From Oklahoma to Ireland

From Tulsa, Oklahoma, to the heart of rural Ireland, a community of Benedictine monks is hoping to play a part in the renewal of the Church in the Emerald Isle.

It’s a challenging time for many religious communities, but Prior of Silverstream Monastery Dom Mark Kirby is facing a very pleasant challenge: “We don’t have any room to accept the many new candidates we’re getting vocation inquiries from,” he said cheerfully.

There are currently five monks in the community and to describe their living conditions as modest would be an understatement. “We have a huge amount of work to do to the monastery,” Father Kirby confides. “It’s a big job.”

Planting a seed

Silverstream Priory has been open for three years. At a time when many religious communities are consolidating and closing down houses, the Benedictines at Silverstream have an ambitious plan of work to build their monastic community as a powerhouse of prayer, hospitality and spirituality. There’s only one problem: “We are in dire straits; we don’t have any money,” Father Kirby said.

Father Kirby, 62, was born and raised in the United States, but he feels that the gentle hand of God has led him to Ireland. The story takes shape in 2007 during a lengthy layover in Dublin airport en route to Rome. Father Kirby wanted to celebrate Mass, so he went to the airport church. While there, a prayer came to him: “Lord, let me do something for the Church in Ireland.”

At a conference in Rome in 2011, he met some people from Ireland; he shared with them the fact that Eucharistic adoration and a special care for priests is at the heart of the charism of his community that was then based in Oklahoma. The Irish people he met shared their hope that such a community could benefit the Church in Ireland. “The invitation to consider Ireland touched me deeply, because for several years I had felt a growing desire to respond to the needs of the Church in Ireland with a humble love.”

New mission

Father Kirby returned to the United States to find that the house of their embryonic community in Oklahoma had been flooded by heavy rains and, as a result, badly damaged and uninhabitable. He searched in vain for an alternative location in the Diocese of Tulsa. It was then that the idea of making Ireland a base started to crystallize. Luckily, Bishop Edward Slattery of Tulsa is a man of Irish descent.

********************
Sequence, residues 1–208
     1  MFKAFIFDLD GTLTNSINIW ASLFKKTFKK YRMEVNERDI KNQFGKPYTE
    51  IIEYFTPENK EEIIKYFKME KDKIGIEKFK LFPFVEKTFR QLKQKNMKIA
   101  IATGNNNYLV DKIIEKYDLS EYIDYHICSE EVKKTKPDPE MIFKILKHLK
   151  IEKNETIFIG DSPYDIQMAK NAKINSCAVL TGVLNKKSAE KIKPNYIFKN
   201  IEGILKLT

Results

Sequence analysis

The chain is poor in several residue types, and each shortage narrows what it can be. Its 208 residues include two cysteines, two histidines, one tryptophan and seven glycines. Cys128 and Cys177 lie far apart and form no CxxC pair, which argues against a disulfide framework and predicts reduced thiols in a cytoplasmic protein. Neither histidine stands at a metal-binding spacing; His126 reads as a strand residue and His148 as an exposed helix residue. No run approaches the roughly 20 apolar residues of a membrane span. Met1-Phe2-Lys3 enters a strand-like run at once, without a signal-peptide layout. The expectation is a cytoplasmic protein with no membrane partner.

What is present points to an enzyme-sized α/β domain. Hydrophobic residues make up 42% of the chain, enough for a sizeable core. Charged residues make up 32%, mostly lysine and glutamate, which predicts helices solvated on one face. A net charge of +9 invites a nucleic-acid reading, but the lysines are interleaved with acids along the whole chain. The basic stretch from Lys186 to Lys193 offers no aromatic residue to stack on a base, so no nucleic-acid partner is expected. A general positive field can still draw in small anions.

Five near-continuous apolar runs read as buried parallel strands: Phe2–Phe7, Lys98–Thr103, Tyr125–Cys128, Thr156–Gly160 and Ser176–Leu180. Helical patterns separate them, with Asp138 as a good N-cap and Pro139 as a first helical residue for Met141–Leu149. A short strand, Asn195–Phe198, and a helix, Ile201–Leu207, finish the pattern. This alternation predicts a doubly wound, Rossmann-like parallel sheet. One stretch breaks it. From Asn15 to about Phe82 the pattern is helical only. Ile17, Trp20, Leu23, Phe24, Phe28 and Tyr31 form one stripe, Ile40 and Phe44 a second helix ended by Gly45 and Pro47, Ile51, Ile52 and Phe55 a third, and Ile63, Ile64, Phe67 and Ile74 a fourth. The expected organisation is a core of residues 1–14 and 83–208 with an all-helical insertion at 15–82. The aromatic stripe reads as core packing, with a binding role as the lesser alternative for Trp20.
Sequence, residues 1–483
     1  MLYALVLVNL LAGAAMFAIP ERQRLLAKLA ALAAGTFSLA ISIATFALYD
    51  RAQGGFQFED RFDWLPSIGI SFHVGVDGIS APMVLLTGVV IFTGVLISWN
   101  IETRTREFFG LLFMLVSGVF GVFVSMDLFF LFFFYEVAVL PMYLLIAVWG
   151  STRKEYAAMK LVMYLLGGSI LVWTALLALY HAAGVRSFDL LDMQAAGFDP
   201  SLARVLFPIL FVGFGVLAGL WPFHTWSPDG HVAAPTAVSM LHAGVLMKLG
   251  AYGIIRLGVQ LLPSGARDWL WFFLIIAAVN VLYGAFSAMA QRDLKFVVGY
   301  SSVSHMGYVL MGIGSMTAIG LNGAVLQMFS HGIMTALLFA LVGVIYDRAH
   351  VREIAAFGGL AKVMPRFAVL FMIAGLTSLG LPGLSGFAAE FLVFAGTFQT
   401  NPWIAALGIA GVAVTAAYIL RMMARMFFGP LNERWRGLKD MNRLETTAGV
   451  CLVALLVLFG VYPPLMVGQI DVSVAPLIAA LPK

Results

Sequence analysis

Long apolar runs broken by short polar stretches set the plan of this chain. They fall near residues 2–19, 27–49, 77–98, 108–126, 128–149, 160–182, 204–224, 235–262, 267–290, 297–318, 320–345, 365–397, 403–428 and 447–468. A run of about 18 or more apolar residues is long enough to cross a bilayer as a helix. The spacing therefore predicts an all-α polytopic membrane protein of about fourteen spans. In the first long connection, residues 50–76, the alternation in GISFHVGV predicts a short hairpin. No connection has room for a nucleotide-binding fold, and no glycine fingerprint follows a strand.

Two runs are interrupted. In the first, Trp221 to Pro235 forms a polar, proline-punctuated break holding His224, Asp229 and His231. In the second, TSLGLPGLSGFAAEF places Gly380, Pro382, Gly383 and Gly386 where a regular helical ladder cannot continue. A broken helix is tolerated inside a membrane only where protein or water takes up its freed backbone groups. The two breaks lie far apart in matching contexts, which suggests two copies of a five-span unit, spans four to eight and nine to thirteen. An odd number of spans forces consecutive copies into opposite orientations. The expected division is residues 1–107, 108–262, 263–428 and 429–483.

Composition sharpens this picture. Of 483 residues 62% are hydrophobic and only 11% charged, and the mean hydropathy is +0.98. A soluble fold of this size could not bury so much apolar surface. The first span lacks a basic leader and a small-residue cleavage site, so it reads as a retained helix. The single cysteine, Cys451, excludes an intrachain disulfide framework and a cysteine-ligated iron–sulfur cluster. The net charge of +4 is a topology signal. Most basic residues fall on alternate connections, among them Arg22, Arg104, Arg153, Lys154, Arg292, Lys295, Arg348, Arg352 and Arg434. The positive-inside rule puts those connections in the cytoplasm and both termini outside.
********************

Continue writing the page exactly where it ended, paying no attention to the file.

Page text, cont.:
He gave Father Kirby permission to seek a new home for his community in Ireland. So the priest met with Bishop Michael Smith of Meath, Ireland, and received his permission to set up at Silverstream, which had recently been vacated by the Visitation Sisters.

Power of beauty

Mass at the priory is celebrated in the extraordinary form, and the community has gathered a healthy congregation, particularly on Sundays. They also celebrate the full Divine Office, reciting the entire 150 psalms over the course of a week. Liturgy is central to the mission of Silverstream, and “beauty is integral to our vision,” said a member of the community, Dom Benedict Maria Andersen.

The community is convinced that people can be attracted to an authentic encounter with Christ through beauty. “When people approach the Church,” Father Kirby said, “we must offer them beauty. We must enchant people; you don’t attract people by moralism or by preaching a harsh message to them, you attract them by pointing them toward something that is beautiful.”

‘Big plans’

Hospitality is also a key part of the mission of Silverstream. There are currently a number of guestrooms where people are invited to come and stay and enjoy the beauty of the monastic experience. The church on the site is currently unused. “We have big plans for it,” Father Andersen said. “We want to have something really beautiful, something that will help people raise their hearts and minds to God.”

But it’s all dependant on fundraising. Father Kirby admits to “nervous evenings” looking at the bank account.

Is he daunted by the challenges? “Yes, we have so much to do,” he said. “But here in the Boyne Valley with its rich monastic tradition, we are confident, and we rely on God’s help.”

Michael Kelly writes from Ireland.